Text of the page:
In May of this year, the inimitable Djordje Marjanović, a great performer of Serbian and Yugoslav, Soviet and Russian pop music, died. The coronavirus had cost us another genial artist; in the case of George, fans stretching from the Danube and Serbia’s Mt. Avala, to the Urals and the Pacific Ocean were overcome with grief. From now on we will not hear “Little Girl” or, as the title of this song was known in Russian - “Night in Belgrade” (“Nochnim Belgradom”), nor we will hear other popular songs by the legendary king of the pop hits.
Serbia and Russia have lost a singer which we loved and who united us with his art. He knew how and could find the points of contact between two peoples and transmit emotion across thousands of kilometres. This suggests that we have one soul - brotherly and Slavic. But now there are practically no people like George, especially in Russia. Apart from the great Aleksandrov choir, the popular masses in Serbia and the Balkan region are only familiar with Vladimir Putin. In Serbia and in Republika Srpska, the Russian president has enormous popularity. Politicians and other public figures, including artists, singers, athletes, ballerinas, representatives of other arts, are not known to the Serbian public.
In any case, this is the responsibility of Russia, if we keep in mind that in the framework of bureaucratic cultural cooperation, some TV stations show Russian TV series and films in Serbia. This is absolutely not enough, neither quantitatively nor thematically; often it isn’t enough in terms of the quality of these films and series. The impression is that some of the best examples of Russian contemporary culture are being hidden from Serbia. Serbs are absolutely not aware of the modern, dynamic and delightful Russia. They do not feel its pulse and spirit. Stereotypes about Russians are often reduced to some kind of combination of Cossacks and social realist aesthetics.
Serbians are not only unaware of what kind of Russian songs and singers are popular today, they have never even heard of them; the Serbs don’t follow their work or appreciate it. In practice, the same can be said about Russian writers, except those who are pro-Western and are critics of the authorities in Moscow and Minsk. Serbian media speaks very little about Russian achievements in any area, about great intentions and projects, or especially about the nuances of Russian internal and external politics. Most of all, nothing at all.
So, instead of Russia, a huge space is opened up for the influence of Western soft power. Even in Moscow it is not easy to resist such power, and the Serbs are no better. Our citizens know the history of World War II much better than the history of the Great Patriotic War; they generally don’t know the difference between these two concepts. Nobody explained this to them. Serbs know that the Russians freed Berlin, they were told about it by their grandmothers and grandfathers, and this took root in the collective consciousness. But, a few more decades will pass, and this will not matter to anyone else. No one will tell about it. We will only know that the brave American soldiers defended Europe from Nazism. This is just one example, and there are many of them.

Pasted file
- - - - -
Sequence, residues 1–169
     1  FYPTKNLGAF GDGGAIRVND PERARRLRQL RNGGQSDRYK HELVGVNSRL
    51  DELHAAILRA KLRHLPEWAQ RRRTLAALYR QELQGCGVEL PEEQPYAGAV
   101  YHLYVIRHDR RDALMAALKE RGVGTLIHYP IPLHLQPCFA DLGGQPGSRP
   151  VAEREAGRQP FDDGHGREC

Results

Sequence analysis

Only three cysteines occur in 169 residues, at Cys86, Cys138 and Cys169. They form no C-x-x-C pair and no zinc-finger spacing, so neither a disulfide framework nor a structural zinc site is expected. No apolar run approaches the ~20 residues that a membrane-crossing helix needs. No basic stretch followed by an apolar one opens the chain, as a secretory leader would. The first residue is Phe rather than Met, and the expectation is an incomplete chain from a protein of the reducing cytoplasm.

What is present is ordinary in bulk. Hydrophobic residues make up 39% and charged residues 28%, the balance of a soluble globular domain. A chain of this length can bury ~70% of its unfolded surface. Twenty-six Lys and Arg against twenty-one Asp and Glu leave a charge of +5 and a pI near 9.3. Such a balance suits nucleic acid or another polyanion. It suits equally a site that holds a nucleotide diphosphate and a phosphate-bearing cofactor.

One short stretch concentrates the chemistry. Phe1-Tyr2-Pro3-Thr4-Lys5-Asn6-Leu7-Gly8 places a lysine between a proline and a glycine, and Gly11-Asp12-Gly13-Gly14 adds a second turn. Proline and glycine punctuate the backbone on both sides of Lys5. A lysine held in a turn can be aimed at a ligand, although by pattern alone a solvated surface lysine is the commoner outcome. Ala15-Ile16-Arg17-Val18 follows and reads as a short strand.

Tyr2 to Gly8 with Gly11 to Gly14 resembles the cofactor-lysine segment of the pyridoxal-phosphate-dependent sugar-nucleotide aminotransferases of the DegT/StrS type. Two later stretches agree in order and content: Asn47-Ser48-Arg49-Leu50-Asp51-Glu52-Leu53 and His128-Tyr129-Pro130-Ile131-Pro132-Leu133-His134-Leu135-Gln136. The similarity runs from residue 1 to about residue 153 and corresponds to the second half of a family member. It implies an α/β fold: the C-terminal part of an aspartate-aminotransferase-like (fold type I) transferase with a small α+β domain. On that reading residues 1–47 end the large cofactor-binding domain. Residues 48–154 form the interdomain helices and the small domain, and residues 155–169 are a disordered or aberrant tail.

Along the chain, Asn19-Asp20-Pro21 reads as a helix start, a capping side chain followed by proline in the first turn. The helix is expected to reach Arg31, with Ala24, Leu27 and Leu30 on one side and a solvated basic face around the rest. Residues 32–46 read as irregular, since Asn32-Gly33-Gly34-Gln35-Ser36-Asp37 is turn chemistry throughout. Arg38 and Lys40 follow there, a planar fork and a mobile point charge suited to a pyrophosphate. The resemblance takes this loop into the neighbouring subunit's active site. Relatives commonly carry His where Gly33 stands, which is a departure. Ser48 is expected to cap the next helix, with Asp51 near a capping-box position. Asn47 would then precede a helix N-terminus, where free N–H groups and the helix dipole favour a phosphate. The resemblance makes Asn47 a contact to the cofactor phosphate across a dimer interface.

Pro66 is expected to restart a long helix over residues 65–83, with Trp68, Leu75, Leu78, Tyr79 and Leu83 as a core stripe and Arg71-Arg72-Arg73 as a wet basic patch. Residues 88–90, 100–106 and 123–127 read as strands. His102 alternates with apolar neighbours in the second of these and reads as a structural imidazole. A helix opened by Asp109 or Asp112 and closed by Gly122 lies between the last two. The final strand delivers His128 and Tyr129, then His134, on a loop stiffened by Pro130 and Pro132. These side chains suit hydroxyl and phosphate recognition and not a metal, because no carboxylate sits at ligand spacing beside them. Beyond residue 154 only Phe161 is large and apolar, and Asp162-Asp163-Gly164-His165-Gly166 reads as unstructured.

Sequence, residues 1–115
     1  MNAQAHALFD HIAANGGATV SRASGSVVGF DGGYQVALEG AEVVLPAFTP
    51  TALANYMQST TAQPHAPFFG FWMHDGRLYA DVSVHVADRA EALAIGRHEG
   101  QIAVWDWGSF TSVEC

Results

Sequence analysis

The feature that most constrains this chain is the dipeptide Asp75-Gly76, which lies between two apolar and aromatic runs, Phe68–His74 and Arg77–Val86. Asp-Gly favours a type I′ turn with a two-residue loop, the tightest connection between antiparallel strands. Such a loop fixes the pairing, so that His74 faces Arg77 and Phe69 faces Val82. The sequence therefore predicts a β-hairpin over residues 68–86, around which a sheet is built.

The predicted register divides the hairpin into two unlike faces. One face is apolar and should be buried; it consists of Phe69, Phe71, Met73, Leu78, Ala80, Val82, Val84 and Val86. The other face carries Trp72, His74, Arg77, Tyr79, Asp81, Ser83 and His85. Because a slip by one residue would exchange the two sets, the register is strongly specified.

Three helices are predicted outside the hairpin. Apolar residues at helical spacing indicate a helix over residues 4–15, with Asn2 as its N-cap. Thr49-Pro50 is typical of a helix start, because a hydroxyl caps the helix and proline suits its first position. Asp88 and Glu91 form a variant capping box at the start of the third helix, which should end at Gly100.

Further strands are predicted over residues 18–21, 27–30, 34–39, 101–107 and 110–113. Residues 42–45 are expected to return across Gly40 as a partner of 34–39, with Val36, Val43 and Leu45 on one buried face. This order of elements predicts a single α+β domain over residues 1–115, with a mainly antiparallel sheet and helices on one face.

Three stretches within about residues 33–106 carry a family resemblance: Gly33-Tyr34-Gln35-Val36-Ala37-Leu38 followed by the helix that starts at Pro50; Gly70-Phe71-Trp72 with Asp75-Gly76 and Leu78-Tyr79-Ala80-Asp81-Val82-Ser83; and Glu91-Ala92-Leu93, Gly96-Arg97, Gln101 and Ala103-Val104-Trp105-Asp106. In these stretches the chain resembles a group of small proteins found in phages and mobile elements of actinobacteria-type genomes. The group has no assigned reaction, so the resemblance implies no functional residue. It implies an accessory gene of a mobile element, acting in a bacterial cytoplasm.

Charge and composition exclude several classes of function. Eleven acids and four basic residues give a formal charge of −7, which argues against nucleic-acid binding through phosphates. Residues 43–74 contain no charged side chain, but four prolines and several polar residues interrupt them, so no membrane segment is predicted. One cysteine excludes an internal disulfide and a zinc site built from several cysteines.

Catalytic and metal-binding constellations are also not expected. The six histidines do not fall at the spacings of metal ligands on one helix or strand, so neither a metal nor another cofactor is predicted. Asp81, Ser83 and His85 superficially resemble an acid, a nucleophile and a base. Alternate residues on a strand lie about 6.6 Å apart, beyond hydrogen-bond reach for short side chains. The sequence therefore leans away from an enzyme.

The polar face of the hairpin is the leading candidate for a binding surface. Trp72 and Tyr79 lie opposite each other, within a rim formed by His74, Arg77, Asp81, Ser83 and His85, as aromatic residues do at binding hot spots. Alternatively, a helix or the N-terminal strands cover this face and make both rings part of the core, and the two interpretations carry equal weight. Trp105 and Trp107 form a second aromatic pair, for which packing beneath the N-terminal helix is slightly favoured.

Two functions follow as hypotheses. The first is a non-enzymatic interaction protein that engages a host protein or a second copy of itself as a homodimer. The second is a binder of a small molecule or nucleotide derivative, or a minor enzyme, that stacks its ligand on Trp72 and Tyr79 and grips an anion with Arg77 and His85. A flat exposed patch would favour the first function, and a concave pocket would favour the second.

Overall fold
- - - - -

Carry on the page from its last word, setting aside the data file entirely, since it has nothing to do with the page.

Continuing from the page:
On the other hand, a similar situation exists in Russia. The Russian public has heard about Kosovo and knows that somewhere, in the Balkans, lives a friendly people - the Serbs, and that during the last few years they have been led by a leader who speaks Russian fluently and with pleasure – Aleksandar Vučić. But, apart from these few facts, Russian society is deeply unaware of the politics, rich culture or sports of our country. The exceptions are Novak Djokovic, a world phenomenon, Miloš Biković and Emir Kusturica, who managed to create their own brands in Russia, with the help of Russia.
All this is absolutely not enough. Who today in Russia sings about “Night Belgrade”, while millions of people listened to this song with admiration? Who in Serbia supports the women's national figure skating team, as it is one of the most famous Russian world brands? Few in Serbia know the names of these fragile, unrivalled girls, but many know both the height and weight as well as the number of points scored by American basketball players, who use steroids.
In order for our peoples to really get closer, they must be more deeply informed about each other. The cares, problems, joy and successes of the Russians should, to a certain extent, be Serbian. And vice versa. When a fire breaks out in some building in Moscow, or when Russia launches a rocket into space, this should immediately be known to the Serbian public from direct connections of correspondents. Once, big Yugoslavia had dozens of correspondents in the USSR, and it was possible to imagine that. Today - no.
Receiving information about Russia and the world through Western media centres and their local transmissions - in Russia there is only one Internet media portal in the Serbian language – the Serbs only know that the authorities arrest and beat the brave oppositionists fighting for the freedom of the Russian people against the dictator Putin. The filtered picture for the citizens in the West is also transmitted to Serbia. Serbs and Serbia cannot change this and cannot be more Russian than the Russians themselves. This must be done by the Russians. Only they will decide whether they are ready to fight and how Russia will be presented in the Serbian media. Serbia and the Serbian people will support them, in any case.
It is a pity, of course, that today people like George, Emir, Milos and Novak are no longer joined by people with names like Natasha, Alyosha or Sergei ... There must be not be hundreds, but thousands of those who bring Russia closer to Serbia and Serbia to Russia. We need people who are hardworking, talented and educated, who will work 24 hours a day, restoring in the media the balance of the notion about Russia, formed in Serbia and in Balkans.